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128 of 141 people found the following review helpful By B. Marold HALL OF FAMETOP 500 REVIEWER on August 29, 2006
Format: Paperback
`Artisan Baking' by Maggie Glezer truly deserves the New York Times blurb on the cover, in a 32 point font declaring this to be `A Landmark Book'. The impressive medallion to the left of this pronouncement declares that the book is a James Beard Foundation cookbook award winner. The fact that the award is for best book on baking should in no way diminish the importance of this award.

I will get in my one tiny complaint on the book at the outset, and it is only about the title, which the author explains is to avoid the seemingly more difficult `Artisinal' adjective, which she claims no one can pronounce. Aside from this seemingly ungrammatical title, I think this book easily joins my all time top ten best cookbooks, taking its place as the representative from the bread-baking world.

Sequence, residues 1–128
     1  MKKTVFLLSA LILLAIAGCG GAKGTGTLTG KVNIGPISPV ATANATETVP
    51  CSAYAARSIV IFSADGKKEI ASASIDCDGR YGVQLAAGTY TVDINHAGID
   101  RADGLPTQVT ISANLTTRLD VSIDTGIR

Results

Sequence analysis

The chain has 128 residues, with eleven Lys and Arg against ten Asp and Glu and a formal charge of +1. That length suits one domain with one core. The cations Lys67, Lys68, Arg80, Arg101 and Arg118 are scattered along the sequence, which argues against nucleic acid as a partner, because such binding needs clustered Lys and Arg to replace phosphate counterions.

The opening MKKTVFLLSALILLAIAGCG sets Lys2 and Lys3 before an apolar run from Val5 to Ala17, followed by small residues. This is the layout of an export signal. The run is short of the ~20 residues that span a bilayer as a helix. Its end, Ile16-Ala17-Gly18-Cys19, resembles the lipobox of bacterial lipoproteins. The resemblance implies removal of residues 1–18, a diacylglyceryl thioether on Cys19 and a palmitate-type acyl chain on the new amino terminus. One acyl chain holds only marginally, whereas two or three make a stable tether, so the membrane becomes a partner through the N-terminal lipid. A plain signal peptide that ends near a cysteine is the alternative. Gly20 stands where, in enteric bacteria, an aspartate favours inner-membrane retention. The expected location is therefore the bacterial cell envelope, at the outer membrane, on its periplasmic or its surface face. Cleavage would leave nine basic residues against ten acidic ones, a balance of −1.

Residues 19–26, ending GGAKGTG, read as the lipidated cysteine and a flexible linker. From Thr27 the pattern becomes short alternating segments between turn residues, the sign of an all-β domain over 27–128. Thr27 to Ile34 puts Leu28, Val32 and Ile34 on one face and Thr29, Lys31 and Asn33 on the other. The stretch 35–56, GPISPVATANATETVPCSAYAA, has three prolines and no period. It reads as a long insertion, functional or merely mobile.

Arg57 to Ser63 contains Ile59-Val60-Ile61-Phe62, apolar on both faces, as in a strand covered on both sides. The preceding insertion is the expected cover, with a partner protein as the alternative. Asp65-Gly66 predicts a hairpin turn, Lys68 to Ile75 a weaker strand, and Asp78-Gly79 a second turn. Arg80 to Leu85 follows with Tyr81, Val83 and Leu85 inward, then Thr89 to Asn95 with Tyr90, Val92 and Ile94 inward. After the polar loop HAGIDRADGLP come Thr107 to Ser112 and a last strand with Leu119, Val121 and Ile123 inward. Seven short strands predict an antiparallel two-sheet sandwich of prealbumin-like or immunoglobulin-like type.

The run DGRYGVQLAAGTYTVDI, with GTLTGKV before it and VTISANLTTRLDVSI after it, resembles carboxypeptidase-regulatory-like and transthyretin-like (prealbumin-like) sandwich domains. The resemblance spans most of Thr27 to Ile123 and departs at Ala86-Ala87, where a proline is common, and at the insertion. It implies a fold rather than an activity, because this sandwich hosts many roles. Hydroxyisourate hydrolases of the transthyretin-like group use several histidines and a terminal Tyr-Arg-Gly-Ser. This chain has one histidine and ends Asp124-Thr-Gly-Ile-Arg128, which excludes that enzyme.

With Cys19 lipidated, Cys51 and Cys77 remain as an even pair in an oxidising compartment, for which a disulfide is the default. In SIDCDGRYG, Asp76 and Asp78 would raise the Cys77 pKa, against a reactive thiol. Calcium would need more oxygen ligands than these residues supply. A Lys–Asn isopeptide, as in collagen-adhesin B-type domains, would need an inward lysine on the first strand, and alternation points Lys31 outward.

There are other excellent books that cover artisinal baking or some aspect of it. The best of these would be Peter Reinhart's `The Bread Baker's Apprentice', Nancy Silverton's `Breads From the La Brea Bakery', Joe Ortiz' `The Village Baker', and Rose Levy Beranbaum's `The Bread Bible'. All these books are written with an uncommon love of and devotion to their subject. Madame Glezer's book is just a bit better than these others in that she is more successful in communicating that love and devotion, as well as effectively communicating the techniques of artisinal bread baking. Rest assured that Ms. Glezer does not make these other books redundant, as they all contain important recipes Mme. Glezer does not cover and (especially with Mme. Beranbaum) explanations of the why of bread baking.